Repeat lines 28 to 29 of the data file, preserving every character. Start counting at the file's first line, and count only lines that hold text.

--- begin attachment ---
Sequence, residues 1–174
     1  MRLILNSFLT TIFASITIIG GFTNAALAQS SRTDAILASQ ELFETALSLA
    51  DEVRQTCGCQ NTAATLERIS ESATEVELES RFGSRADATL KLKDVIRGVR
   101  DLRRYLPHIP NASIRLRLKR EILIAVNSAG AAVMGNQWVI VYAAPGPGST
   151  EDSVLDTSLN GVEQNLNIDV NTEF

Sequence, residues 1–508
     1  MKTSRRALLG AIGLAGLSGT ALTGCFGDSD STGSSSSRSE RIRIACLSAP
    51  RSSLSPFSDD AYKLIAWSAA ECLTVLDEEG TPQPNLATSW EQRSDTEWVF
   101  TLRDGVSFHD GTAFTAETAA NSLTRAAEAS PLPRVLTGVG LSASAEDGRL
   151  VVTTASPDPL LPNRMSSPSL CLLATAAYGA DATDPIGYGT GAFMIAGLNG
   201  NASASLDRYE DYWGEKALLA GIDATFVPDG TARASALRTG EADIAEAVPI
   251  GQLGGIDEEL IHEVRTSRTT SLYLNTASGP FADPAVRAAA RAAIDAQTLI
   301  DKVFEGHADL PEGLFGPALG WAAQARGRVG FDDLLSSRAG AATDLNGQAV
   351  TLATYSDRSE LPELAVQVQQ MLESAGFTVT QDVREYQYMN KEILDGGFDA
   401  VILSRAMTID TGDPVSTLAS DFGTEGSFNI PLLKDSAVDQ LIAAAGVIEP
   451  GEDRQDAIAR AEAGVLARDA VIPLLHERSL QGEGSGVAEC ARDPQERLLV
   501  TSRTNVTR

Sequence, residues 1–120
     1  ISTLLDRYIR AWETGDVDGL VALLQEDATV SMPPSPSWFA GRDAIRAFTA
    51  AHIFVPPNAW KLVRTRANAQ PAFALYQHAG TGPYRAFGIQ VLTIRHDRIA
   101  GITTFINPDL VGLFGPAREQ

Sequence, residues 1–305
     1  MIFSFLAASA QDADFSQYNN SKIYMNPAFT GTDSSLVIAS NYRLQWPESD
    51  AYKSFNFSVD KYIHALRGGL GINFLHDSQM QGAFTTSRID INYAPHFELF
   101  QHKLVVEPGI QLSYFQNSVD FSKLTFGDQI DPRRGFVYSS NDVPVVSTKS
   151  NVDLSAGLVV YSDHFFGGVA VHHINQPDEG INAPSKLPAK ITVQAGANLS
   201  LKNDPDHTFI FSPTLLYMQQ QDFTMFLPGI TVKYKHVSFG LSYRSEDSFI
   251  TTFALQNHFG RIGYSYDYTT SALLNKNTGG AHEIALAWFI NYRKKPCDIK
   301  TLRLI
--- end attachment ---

   251  TTFALQNHFG RIGYSYDYTT SALLNKNTGG AHEIALAWFI NYRKKPCDIK
   301  TLRLI